‘The King’s Daughter’ review: Historical fantasy dwells where nonsense reigns

The story behind the making of the quirky and lush but often ridiculous historical fantasy adventure “The King’s Daughter” might be more compelling than the film itself, which has its moments of campy delights but is ultimately sunk by the meandering story. , some over-the-top performance and disappointing special effects.

We’ll get to all of that in a moment. First, a very condensed capsule summary of this long-delayed project. In 1997, Vonda N. McIntyre’s alternate history novel Louis XIV won the Nebula Award for best science fiction/fantasy book of the year, beating out nominees including George RR Martin’s “A Game of Thrones.” Since the late 1990s there have been many efforts to bring the novel to the big screen, with names such as Daniel Radcliffe and Natalie Portman attached to various versions, but it wasn’t until 2014 that filming finally took hold. started, with Sean McNamara (“Soul Surfer”) directing.

The cast included Pierce Brosnan as the long-haired, macho and hedonistic King Louis XIV of France; William Hurt as the king’s confidant and spiritual advisor, Pere La Chaise; Kaya Scodelario as Marie-Josephe, a talented musician who grew up in a convent but was summoned to the palace and learned she is the king’s daughter, and Fan Bingbing as a mermaid captured at sea and held until the solar eclipse, at which point she will be killed and the king will magically imbue himself with her powers and become immortal.

“The King’s Daughter” was slated for a 2015 release, but was pulled from the schedule just weeks before its premiere date and languished in Movie Purgatory — until now. Alas, despite the star power of the cast and some gripping shoots at the Palace of Versailles and Melbourne, Australia, this is a strange and uneven film that never quite finds its place and gropes to find the right one. your. It strokes everywhere, from swashbuckling adventure to mystical fantasy to lavish period piece – and ends as a bland stew filled with predictable, mismatched ingredients.

But hey, it’s a kick to see Pierce Brosnan in a ridiculous wig that makes him look like a middle-aged guitarist at Rock and Roll Fantasy Camp, eschewing the fanciful Sun King fads and overall, you know, Frenchness, in favor of a decidedly modern, British-sounding, physically imposing Louis XIV who sleeps a different woman each night (this part is historically accurate), confesses his sins to Pere La Chase in the morning, and returns to the company to be all royal in public while he secretly conspires with the evil Dr. Labarthe (Pablo Schreiber), a madman who convinces the king that the mermaid’s life force can be seized and will grant the king immortality.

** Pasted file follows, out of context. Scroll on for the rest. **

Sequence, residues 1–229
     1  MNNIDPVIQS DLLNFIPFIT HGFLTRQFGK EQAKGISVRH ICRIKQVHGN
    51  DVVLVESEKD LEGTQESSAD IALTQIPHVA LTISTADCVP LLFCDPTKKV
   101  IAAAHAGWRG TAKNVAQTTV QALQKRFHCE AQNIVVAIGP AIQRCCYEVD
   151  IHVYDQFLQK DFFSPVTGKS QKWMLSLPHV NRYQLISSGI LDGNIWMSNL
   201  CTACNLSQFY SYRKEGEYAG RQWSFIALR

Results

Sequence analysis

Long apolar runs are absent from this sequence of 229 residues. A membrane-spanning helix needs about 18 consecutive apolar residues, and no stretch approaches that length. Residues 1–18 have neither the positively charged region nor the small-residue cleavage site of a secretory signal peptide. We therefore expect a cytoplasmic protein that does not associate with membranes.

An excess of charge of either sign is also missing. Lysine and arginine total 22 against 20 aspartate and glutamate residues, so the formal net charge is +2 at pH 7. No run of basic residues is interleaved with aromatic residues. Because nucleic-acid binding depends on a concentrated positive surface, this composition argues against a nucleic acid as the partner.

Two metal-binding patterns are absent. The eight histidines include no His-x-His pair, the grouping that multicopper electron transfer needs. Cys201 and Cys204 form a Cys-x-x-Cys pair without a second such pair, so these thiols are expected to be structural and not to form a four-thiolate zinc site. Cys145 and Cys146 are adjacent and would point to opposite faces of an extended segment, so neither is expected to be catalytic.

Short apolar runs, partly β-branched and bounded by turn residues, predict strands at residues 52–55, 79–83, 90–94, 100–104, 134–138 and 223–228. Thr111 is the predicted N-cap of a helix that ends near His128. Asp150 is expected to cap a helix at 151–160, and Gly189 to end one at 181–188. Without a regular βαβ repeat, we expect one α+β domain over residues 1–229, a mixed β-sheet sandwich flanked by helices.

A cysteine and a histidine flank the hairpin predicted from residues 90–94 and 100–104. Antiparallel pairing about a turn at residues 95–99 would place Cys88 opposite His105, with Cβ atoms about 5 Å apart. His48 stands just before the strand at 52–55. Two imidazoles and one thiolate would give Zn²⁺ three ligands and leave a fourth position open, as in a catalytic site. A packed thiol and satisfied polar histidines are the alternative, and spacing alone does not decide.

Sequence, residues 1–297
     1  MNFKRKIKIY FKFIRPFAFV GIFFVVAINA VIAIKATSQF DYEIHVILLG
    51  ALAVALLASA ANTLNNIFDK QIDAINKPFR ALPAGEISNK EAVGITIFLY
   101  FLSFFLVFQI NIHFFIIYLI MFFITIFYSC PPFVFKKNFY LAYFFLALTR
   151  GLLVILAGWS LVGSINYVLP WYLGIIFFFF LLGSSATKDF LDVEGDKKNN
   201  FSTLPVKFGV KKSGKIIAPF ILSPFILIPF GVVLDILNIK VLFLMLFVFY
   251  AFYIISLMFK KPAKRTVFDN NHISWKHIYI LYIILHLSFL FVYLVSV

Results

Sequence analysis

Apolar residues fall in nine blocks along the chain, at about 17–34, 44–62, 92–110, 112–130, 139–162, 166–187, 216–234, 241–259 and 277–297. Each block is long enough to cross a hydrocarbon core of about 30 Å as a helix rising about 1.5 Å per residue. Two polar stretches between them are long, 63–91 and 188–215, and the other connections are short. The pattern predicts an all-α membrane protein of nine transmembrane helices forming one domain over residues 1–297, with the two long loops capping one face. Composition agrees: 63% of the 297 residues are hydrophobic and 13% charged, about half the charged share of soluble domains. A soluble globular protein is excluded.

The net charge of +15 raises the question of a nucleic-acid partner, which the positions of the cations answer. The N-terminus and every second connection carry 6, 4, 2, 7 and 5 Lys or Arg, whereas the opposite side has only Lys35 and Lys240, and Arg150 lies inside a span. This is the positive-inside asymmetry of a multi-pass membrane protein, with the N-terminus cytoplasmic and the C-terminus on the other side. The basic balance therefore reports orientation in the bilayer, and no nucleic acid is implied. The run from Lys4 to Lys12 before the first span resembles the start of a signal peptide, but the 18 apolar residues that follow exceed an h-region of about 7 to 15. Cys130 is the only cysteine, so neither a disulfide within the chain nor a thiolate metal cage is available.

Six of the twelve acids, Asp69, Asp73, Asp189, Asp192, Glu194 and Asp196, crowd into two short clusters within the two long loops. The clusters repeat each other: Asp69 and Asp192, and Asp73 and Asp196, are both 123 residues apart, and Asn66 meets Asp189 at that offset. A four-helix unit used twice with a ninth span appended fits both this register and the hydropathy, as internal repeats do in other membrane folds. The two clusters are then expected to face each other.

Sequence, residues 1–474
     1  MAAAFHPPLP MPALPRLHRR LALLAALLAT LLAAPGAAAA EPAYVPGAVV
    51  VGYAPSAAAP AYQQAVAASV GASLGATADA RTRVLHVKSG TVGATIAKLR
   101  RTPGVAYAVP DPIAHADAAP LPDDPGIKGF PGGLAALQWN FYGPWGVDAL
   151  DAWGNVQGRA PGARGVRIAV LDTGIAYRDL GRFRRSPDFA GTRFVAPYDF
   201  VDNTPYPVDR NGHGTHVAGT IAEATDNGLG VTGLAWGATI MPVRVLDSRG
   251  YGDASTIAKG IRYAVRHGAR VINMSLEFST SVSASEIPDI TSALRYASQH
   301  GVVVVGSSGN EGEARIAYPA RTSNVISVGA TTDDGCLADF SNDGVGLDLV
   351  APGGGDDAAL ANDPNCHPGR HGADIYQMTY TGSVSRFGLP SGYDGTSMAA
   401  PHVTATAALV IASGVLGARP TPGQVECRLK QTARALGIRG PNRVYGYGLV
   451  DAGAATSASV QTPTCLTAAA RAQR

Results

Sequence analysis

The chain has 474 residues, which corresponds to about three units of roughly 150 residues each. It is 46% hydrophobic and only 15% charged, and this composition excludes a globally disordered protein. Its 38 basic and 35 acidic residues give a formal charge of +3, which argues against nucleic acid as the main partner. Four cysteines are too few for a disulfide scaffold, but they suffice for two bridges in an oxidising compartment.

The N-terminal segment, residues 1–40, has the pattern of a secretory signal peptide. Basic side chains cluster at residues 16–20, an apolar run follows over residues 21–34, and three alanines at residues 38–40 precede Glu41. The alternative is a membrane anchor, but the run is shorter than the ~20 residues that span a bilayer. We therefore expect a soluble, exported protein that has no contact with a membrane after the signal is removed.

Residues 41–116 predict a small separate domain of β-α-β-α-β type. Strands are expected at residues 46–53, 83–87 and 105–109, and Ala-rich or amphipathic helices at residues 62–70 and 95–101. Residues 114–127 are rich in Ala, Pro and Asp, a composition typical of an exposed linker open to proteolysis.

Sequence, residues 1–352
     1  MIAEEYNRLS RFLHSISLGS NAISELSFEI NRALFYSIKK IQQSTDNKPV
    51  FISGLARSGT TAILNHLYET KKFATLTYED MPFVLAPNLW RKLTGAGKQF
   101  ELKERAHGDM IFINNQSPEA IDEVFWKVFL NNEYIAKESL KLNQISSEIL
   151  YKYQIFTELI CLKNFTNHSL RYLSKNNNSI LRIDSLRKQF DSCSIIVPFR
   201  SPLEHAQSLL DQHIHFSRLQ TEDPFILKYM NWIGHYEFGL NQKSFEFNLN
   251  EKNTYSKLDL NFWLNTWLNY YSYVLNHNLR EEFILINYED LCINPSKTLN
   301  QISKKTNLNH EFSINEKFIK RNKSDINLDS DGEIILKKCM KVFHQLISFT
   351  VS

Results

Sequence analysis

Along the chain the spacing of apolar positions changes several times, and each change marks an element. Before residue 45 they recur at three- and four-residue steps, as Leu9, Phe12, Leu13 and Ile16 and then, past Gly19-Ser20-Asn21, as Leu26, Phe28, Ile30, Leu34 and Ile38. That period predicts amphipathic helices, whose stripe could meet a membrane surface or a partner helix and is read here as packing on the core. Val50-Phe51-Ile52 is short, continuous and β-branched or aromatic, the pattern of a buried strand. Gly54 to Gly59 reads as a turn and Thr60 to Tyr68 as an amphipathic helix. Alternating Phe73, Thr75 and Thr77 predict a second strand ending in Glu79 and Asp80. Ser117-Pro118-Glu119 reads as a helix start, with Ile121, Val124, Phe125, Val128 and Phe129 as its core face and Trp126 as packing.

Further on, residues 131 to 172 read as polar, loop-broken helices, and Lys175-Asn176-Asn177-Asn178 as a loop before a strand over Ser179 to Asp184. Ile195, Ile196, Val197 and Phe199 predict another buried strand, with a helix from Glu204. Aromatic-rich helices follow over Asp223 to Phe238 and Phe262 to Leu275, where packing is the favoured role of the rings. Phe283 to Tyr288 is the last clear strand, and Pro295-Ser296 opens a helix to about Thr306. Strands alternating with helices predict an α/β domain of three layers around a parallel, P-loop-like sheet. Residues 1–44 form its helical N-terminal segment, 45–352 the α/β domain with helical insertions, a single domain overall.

As Julie Andrews recounts, Marie-Josephe discovers that she can magically communicate with the mermaid – it’s a musical thing – and forms a bond with the creature, which is much closer to human than her father and the Dr. Labarthe would have you believe. We also get the obligatory arranged marriage to the insufferably rich duke (Ben Lloyd-Hughes), because the king’s coffers are depleted, and he needs his daughter to marry this fool so they can have access to the father’s fortune. of the duke. Ah, but wouldn’t you know, there’s also a dashing sailor, a certain Yves De La Croix (Benjamin Walker), who becomes sympathetic to the fate of the mermaid – especially after he falls in love with Marie-Josèphe – and promises to help the king’s daughter challenge her father and orchestrate an elaborate, death-defying escape.

“The King’s Daughter” has some impressive set pieces, but there are times when you can practically see green screen leaking from the background shots. As for the mermaid sequences… not great. Fan Bingbing is wrapped in some kind of motion capture effect that makes her appear almost animated, and the underwater photography is murkier than it should be and features splashes of putatively dazzling and colorful magic that seem more suited to a 1980s movie. over 21st production of the century.

Almost everyone in the cast gets tall and plays on the rafters, further adding to the film’s cartoonish vibe. Granted, Brosnan and Hurt have fun together as two powerful, world-weary cynics who aren’t yet beyond redemption but are getting closer to the edge – but none of that happens in the series of events. final, certainly well filmed, is not particularly surprising or fascinating. There could indeed be a great movie lurking within the pages of this original source, but “The King’s Daughter” is not that movie.

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